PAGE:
IFC Films                111 Minutes           NR            Reviewed August 21, 2017

This film is more than a travelogue. It’s the finale of “The Trip” trilogy with  magnificent cinematography showing the picturesque hills and coastal villages in Spain. And, as in The Trip and TheTrip to Italy, Steve Coogan and Rob Brydon are the entertaining hosts who take us from town to town on  a culinary adventure. Seeing the delicacies being prepared and watching these very funny travel buddies describe, taste and devour them, will make you drool.

The vistas are breathtaking, the winding roads along the coast lined with aqua and azure blue water, plus the quaint towns with their post card worthy hotels and restaurants. And then there’s the food. You get to see chefs preparing scrumptious local dishes like their grandmother made. And luscious cheeses Coogan and Brydon can’t get enough of. Don’t go to this movie hungry because you’ll be ravenous when it ends.

But the running commentary and non-stop banter of Coogan and Brydon is  often in such famous voices as Marlon Brando, Robert De Niro, David Bowie, Michael Caine, Mick Jagger, Woody Allen, Ian McClellan, Roger Moore and more. Coogan and Brydon spew celebrity impressions of the great actors sometimes doing battle trying to top each other. It’s not how it sounds that’s important as much as what they say that’s so clever. They’re both inspired to come up with some pretty witty improv even though it sometimes goes on just a touch too long.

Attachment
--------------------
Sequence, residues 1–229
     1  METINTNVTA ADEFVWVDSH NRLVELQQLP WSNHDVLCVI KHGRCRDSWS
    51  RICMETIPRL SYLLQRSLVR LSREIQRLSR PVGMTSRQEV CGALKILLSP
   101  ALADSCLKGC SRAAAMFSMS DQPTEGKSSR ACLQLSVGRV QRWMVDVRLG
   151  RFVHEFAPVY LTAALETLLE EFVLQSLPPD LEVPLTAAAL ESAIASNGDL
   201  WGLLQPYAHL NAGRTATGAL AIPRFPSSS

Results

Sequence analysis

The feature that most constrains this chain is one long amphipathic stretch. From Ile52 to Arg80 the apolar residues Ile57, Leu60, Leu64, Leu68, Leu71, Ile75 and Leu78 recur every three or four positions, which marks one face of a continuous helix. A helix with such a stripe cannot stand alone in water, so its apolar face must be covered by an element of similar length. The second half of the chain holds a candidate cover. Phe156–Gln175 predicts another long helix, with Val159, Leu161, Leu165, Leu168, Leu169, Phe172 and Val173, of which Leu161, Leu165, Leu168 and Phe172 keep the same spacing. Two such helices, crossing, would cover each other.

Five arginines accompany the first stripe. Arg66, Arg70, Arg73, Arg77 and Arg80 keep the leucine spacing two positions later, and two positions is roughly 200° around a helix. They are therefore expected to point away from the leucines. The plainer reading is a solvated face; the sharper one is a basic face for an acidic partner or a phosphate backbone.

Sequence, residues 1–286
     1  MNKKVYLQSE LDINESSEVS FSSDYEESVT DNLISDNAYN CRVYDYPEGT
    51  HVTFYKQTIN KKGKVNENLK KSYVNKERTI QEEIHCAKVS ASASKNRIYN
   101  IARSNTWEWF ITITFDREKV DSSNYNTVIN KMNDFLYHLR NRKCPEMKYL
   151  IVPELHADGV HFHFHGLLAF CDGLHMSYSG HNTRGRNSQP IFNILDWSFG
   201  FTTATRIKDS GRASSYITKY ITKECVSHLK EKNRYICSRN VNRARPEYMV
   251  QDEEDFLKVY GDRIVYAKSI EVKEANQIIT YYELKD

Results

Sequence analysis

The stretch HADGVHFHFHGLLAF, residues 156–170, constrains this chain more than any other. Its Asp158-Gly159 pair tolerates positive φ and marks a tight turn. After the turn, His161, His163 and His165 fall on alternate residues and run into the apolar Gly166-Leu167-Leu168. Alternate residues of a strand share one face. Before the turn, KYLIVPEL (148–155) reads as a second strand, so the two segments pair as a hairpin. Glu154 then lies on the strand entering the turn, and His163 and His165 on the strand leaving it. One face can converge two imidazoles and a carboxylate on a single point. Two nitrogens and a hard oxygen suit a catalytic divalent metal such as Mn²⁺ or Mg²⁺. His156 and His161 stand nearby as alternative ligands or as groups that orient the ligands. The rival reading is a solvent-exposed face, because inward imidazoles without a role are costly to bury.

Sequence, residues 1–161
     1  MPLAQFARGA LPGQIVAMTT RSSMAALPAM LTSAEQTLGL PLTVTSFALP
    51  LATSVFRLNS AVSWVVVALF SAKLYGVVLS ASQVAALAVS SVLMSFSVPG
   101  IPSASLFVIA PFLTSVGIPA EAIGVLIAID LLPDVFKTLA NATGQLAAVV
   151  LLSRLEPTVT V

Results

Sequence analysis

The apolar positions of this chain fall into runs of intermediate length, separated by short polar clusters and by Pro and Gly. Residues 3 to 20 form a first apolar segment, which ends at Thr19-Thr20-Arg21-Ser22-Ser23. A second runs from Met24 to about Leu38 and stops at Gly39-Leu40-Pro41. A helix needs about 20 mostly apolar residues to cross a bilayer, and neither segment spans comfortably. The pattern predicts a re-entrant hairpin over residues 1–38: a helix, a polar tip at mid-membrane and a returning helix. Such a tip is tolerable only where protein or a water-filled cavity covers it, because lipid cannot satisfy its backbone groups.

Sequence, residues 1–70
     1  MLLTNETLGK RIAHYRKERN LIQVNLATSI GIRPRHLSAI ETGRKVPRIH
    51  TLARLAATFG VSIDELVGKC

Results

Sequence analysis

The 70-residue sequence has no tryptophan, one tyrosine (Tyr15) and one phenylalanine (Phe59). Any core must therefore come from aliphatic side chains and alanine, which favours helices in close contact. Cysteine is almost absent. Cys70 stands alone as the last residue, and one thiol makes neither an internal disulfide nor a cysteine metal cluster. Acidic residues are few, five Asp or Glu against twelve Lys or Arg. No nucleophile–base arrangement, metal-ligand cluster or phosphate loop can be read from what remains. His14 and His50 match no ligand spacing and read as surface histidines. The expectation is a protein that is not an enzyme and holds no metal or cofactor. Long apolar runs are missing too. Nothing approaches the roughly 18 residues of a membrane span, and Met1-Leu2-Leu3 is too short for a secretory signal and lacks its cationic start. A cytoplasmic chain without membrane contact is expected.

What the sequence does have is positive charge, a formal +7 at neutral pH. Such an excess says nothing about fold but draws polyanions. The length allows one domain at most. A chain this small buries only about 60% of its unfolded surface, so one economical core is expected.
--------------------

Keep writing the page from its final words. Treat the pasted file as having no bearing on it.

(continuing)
Coogan has a dry sense of humor and frequently withdraws. He’s pining for a beautiful woman he claims to be in love with who is already taken and far away. It’s also a little sad how he tries to prove to others he’s a famous celebrity reminding anyone who will listen that he was nominated for an Academy Award, twice, for Writing and Producing Philomena a few years back. Many in Spain don’t seem to be impressed or know what he’s talking about and maybe that’s in the script. After all, self-deprecation can be funny.

Brydon talks incessantly. He’s always there with a wise crack and makes it clear he understands that he’s not the star of this show. More self deprecating humor. But the two together are like frick and frack. One minute you feel sorry for them, and then laugh out loud at their repartee and exhibition of their many talents.

But the star of this film is really Spain and the way it shows on the big screen. Director Michael Winterbottom who directed the first two of these films crafts multiple layers of the narrative to make the story a personal journey along with the food and the beauty of the country. Besides the scenic views and interior details of the hotels, restaurants and sites, you get to see both sides of their phone conversations, which give a better idea of how different their responsibilities and aspirations are.

The unique relationship between Coogan and Bryson is central to the film. These are friends, but they make it look like they’re not particularly close. The impression game they play is not just for laughs, it's thinly veiled competition and when Coogan perceives he might be losing, he exerts his Alpha status to shut it down. Through all the laughs, and there are a lot, there's an underlying sadness and insecurity to Coogan’s character. It’s contrived but makes him more interesting.

We found taking this adventure with these talkative talents a fun little exercise. They say it ’s the finale, but there’s a big world out there and plenty of excellent cuisine to taste in different cultures. Maybe they’ll get restless and hit the road again.